Monday, June 29, 2009


So the position I aspire to, and one I created myself (always the best way to give yourself a good chance at getting the job), is that of "information philanthropist."

What does this mean? Well, the dictionary says philanthropy is "the practice of helping people less well-off than oneself." In that context, I suppose an information philanthropist is someone who gives out information to people who haven't had the time, access, or experience to discover it themselves. Right now, I am an information gathering machine, and anyone who has a full time profession or career, along with family obligations, couldn't possible have the time and energy I do to focus on huge amounts of information about all sorts of amazing things.

And what I attempt to do in this blog is share the essential parts of that. Some of it involves my own creative process--my ideas about success, prosperity, life, the meaning of it all. Other parts are the dynamic ideas I discover from others along the way. It all will probably end up in one or more books someday. And it's a two-way street, because I get to use you, my readers, as a laboratory to test this stuff. I am already getting feedback about how this post or that post has impacted a reader's life in very positive ways. I haven't begun yet my efforts to gain a much wider audience, but that will start happening later this year. In the meantime, you are part of a select core group. Another definition of philanthropy is "something intended to promote human welfare."

I also notice that those people whose online activities give away huge amounts of valuable information free are among the most successful people on the planet. They are true information philanthropists, and I consider them major mentors in my life. Two I have mentioned before, but want to share here are Tim Ferriss and my
good friend, Barry Dunlop, whom I mentioned in the post just before this one. Barry and Michael's blog.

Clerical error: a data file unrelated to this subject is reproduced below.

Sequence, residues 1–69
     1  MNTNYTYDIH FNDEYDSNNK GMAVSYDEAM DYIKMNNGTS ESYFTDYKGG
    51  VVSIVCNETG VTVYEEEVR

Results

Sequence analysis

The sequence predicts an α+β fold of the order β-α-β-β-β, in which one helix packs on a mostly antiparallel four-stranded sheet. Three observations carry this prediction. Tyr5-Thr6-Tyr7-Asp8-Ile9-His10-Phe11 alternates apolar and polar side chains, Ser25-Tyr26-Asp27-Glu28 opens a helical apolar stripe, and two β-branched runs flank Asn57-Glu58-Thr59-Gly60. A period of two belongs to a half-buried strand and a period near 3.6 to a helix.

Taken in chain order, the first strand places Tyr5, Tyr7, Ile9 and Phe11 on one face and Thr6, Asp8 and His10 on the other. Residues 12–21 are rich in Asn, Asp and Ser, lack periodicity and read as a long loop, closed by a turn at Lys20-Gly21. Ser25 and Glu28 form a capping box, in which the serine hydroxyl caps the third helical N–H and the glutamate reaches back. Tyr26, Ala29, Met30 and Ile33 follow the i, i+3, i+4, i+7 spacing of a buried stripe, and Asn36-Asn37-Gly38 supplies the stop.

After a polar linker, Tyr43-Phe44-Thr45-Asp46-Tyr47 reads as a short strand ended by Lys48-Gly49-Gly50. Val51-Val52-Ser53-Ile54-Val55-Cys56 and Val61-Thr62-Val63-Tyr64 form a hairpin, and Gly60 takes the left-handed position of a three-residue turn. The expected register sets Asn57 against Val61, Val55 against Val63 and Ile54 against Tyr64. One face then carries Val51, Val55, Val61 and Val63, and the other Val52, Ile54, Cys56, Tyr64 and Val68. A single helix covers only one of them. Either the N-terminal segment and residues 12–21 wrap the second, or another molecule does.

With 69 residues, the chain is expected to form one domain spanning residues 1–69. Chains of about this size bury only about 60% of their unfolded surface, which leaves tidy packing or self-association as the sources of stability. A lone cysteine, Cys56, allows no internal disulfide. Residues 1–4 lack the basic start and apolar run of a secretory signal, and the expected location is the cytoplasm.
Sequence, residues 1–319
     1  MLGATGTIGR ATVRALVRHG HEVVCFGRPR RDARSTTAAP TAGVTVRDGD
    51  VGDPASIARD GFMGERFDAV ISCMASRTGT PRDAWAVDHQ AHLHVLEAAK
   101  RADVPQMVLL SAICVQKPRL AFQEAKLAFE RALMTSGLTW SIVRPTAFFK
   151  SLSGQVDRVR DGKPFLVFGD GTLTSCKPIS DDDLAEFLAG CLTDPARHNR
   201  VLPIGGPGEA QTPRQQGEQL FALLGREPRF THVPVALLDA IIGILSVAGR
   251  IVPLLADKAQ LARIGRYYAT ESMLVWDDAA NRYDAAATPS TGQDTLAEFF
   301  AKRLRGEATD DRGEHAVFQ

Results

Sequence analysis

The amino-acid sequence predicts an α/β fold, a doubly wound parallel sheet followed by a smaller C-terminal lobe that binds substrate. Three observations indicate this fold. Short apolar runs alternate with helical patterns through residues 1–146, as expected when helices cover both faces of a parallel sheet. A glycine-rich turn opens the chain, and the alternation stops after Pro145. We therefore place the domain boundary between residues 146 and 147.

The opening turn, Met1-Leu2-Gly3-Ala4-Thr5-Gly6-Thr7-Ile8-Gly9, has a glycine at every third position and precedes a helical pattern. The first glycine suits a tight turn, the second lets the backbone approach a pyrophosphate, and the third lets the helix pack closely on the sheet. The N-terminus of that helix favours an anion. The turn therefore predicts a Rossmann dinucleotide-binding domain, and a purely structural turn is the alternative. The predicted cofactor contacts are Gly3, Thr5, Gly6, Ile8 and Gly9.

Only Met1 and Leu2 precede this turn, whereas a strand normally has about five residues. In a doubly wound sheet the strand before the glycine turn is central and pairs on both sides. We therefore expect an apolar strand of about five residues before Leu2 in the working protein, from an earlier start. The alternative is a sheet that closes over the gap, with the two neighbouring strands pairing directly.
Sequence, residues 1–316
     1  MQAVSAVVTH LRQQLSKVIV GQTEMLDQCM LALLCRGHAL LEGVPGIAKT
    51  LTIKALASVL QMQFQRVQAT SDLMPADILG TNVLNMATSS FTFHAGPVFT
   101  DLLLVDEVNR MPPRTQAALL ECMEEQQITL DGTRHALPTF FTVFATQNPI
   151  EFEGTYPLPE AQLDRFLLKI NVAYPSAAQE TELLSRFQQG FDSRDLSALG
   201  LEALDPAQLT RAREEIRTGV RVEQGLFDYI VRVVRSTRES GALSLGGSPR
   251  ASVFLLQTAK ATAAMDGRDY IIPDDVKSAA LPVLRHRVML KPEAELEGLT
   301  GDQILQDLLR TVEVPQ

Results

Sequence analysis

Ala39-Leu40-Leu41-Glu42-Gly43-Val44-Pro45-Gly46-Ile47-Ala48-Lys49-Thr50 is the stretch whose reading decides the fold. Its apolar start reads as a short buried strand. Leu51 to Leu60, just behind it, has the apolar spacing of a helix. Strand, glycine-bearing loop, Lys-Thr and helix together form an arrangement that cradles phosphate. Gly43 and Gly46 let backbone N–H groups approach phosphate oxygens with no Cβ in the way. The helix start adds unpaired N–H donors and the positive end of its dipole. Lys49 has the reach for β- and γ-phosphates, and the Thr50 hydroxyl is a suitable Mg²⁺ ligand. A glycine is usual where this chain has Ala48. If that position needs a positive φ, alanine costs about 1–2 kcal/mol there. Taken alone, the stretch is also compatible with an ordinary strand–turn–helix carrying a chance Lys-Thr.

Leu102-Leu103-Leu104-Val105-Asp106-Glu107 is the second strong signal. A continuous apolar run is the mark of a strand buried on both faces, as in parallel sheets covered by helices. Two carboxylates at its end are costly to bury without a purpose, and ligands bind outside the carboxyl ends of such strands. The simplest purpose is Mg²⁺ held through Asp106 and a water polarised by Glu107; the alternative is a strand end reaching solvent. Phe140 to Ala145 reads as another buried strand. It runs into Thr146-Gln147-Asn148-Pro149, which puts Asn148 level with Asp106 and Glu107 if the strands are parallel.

The above site was actually created and is run by Barry's his twenty-year-old son, Michael.
though Barry often adds some fantastic interviews he does. A nice Internet guru family operation. Check out how much useful and interesting information there is, and how you are not bombarded with sales pitches. In fact, you would find it difficult to find out what, if anything, either the Dunlops or Tim Ferriss is selling as opposed to giving away.

Look at these blogs in comparison to those from "information misers"--those entrepreneurs who tease you with "secrets" they will share only if you give them your email address, or buy their initial offer. I would venture to say that you can take the information available on both these sites and build a successful Internet business, without ever buying a single thing from either Tim Ferriss or Barry and Michael Dunlop. But one thing is certain, when they do offer me something to buy, I'll be more than willing to give it serious consideration. They have discovered the secret of business success in this new information oriented world we live in--build appreciation, affection, and trust and
you build relationships that last. In other words, tell me something valuable I can use in my life and you have a friend for life.

And by the way, one of the reasons I was so attracted to MXI, the company that produces and markets Xocai, the world's healthiest dark chocolate and possibly most powerful superfood, is that they give tremendous amounts of information away free, on websites, videos, telephone conference calls, etc. If interested in checking it out for a fantastic business opportunity, just contact me at

Sunday, June 28, 2009


This is about savoring. About taking every positive event and piece of information one
is excited about and enjoys and just gobbling up every delicious bite. Like the Eskimos taking every piece and part of that whale they've caught and using it, down to the tiniest bit of bone. I've always liked that as a metaphor, an image of how intensely and how intently I want to experience the joys of life as they come along.

I actually got the idea for this stream-of-consciousness report from my friend Barry Dunlop in England, creator of and several other successful and dynamic websites, and a first rate Internet entrepreneur. Barry got in touch with me to tell me how impactful Moneylove had been for him. It is only recently that I realized he had never read the book itself, but was referring to the Nightingale-Conant album of cassette tapes. I produced those tapes by sitting in a studio in Chicago for eight hours with just a few short pages of notes, and did them as if I was talking to an individual. They had suggested I just read directly from the book, but I wanted all new material, as the book was already almost ten years old when I did the tapes. Unfortunately, they have long been out of production, but I will probably take the best material and incorporate it into the revised edition of Moneylove that I will publish later this year.